Alexis Arguello is another and more recent figure of Nicaraguan history that the entire country adored and cherished. Known for his representation in boxing and three-time world champion, Arguello was known to be one of the best fighters of this era before he turned into a politician in Nicaragua.
In the 1980s, Arguello fought against the Contras in Nicaragua, but retired from the war after a few months in the jungle. He attempted to come out of retirement to go back to boxing but only had success at home.
Arguello found himself to be very involved in Nicaraguan politics after his retirement from boxing and was elected vice-mayor of Managua in 2004. Many people believed he was robbed of Mayorship against Eduardo Montealegre in 2008, as Arguello only missed the vote by 1%. Continue reading →
Every December 7th at 6PM, you hear a yell resonating through the streets through different cathedrals and churches. What you hear is “Quien causa tanta alegria?” with a response “La Concepcion de Maria!” Which means “who causes so much happiness? Mary’s Conception!” This is something every Nicaraguan takes very seriously and with lots of pride and joy. You hear it EVERYWHERE, even in the United States. Continue reading →
Every September marks the beginning of Independence Day in Nicaragua, along with several other countries in Central America. Most events begin the first of the month and spread through the first two weeks with the biggest celebrations on September 15th. Back in September 1821, the independence wars in every region sparked the interest in becoming a separate nation from Spain. Continue reading →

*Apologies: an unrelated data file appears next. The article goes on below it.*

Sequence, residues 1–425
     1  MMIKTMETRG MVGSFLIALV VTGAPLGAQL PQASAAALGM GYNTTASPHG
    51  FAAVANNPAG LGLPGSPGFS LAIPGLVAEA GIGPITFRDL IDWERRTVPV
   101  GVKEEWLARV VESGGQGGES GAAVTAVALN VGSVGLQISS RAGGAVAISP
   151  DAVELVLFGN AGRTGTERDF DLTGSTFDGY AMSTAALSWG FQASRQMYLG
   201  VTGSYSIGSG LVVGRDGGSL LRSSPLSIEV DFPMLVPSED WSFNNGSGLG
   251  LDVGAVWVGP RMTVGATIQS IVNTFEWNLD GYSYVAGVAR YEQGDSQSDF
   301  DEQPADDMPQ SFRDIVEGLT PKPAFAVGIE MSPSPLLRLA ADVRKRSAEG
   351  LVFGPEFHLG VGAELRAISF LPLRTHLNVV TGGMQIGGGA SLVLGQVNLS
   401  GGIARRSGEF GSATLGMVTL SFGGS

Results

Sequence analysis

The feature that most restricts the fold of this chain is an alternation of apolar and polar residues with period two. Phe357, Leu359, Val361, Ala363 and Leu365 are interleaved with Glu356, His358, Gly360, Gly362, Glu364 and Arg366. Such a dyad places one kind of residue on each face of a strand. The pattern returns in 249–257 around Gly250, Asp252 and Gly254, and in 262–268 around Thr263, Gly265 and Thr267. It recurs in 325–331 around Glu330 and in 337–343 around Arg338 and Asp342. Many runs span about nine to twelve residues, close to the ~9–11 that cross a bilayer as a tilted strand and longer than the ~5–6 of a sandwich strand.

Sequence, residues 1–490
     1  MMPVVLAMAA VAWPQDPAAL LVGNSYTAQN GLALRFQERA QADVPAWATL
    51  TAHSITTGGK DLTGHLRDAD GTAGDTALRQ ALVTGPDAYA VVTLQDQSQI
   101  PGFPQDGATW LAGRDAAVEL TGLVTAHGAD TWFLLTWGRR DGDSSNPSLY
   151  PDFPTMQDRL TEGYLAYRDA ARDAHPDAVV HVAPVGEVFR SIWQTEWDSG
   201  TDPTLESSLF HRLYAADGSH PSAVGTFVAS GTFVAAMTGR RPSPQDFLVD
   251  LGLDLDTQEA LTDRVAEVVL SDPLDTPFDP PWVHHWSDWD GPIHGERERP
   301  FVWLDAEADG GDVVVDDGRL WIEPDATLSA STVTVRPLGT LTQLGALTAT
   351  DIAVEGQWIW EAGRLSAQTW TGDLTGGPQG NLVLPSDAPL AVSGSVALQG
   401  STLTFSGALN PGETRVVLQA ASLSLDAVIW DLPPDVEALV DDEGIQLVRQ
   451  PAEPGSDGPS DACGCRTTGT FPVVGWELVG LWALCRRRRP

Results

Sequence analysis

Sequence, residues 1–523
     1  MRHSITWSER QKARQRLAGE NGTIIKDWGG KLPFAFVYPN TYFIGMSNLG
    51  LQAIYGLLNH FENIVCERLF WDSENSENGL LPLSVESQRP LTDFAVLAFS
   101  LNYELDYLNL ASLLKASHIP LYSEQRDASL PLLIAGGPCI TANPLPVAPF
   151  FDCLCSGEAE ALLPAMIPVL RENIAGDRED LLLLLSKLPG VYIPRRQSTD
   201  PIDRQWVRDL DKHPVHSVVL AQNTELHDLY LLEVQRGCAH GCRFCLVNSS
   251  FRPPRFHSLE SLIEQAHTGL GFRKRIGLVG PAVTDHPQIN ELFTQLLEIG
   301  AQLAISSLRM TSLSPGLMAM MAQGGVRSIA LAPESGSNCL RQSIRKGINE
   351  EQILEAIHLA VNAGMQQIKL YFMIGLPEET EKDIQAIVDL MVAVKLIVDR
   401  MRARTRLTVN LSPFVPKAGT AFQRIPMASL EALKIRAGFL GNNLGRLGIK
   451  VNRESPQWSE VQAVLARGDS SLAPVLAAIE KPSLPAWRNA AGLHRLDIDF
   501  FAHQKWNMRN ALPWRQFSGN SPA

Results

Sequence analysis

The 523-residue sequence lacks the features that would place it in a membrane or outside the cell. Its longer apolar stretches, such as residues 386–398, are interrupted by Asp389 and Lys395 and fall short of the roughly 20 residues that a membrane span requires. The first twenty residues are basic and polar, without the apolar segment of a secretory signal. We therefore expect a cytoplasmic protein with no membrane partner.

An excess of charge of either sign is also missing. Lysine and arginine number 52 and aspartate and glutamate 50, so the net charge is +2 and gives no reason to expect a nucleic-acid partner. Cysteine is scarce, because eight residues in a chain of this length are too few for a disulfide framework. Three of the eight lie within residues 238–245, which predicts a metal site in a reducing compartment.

Nicaragua has a very large range of weather climates. It is definitely a place to check the weather before you go anywhere because one minute it’s blazing hot and humid and within seconds, it’s pouring rain and storming.
Nicaragua’s seasons are also completely different than America‘s. Winter runs through May to November, it’s rainiest in September and October. The summer is November to April, the best time to go to the country. In the mountains, the weather stays mainly cool, chilly and misty. Continue reading →
In a third world country like Nicaragua, a lot of homes don’t always have the luxury of having water at the turn of a handle at the faucet like we do in America. We are lucky enough to live in the states where we have water readily available.
In my most recent trip to Nicaragua in 2009, I noticed that a lot of homes had large tubs above their homes. I had no idea what was in these tubs, but I asked my uncle. He explained that in Nicaragua, they turn off the water supply after 8AM. These water tubs are used to supply water to certain homes that can afford them and are hooked up to the pipes that give water and will supply water throughout the day. Continue reading →
Shopping could either be the hardest or easiest thing to do in Nicaragua. Most people sell food, bath necessities and batteries in little shops they call “ventas” or “pulperias.” Yes, everything they sell in these little stores are completely random. These stores are run out of people’s homes and mostly take up the entire front porch. Because of this, finding exactly what you want isn’t always the easiest task. Continue reading →